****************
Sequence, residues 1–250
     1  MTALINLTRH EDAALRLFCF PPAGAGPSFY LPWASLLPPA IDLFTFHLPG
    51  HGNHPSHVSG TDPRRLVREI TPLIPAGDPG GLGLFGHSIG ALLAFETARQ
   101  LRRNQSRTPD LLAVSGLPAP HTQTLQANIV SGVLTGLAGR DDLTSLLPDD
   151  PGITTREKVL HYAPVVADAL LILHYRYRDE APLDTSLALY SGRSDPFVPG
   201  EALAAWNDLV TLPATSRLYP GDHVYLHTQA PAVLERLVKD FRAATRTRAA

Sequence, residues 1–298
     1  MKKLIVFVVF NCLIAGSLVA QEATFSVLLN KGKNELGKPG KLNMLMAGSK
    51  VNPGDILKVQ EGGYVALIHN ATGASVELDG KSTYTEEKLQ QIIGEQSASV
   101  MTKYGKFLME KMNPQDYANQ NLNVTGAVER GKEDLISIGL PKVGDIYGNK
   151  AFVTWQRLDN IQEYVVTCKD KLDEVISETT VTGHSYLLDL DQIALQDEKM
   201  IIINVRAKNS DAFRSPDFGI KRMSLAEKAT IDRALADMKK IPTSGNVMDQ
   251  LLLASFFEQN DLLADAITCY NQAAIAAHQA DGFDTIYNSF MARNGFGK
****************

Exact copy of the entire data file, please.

Sequence, residues 1–250
     1  MTALINLTRH EDAALRLFCF PPAGAGPSFY LPWASLLPPA IDLFTFHLPG
    51  HGNHPSHVSG TDPRRLVREI TPLIPAGDPG GLGLFGHSIG ALLAFETARQ
   101  LRRNQSRTPD LLAVSGLPAP HTQTLQANIV SGVLTGLAGR DDLTSLLPDD
   151  PGITTREKVL HYAPVVADAL LILHYRYRDE APLDTSLALY SGRSDPFVPG
   201  EALAAWNDLV TLPATSRLYP GDHVYLHTQA PAVLERLVKD FRAATRTRAA

Sequence, residues 1–298
     1  MKKLIVFVVF NCLIAGSLVA QEATFSVLLN KGKNELGKPG KLNMLMAGSK
    51  VNPGDILKVQ EGGYVALIHN ATGASVELDG KSTYTEEKLQ QIIGEQSASV
   101  MTKYGKFLME KMNPQDYANQ NLNVTGAVER GKEDLISIGL PKVGDIYGNK
   151  AFVTWQRLDN IQEYVVTCKD KLDEVISETT VTGHSYLLDL DQIALQDEKM
   201  IIINVRAKNS DAFRSPDFGI KRMSLAEKAT IDRALADMKK IPTSGNVMDQ
   251  LLLASFFEQN DLLADAITCY NQAAIAAHQA DGFDTIYNSF MARNGFGK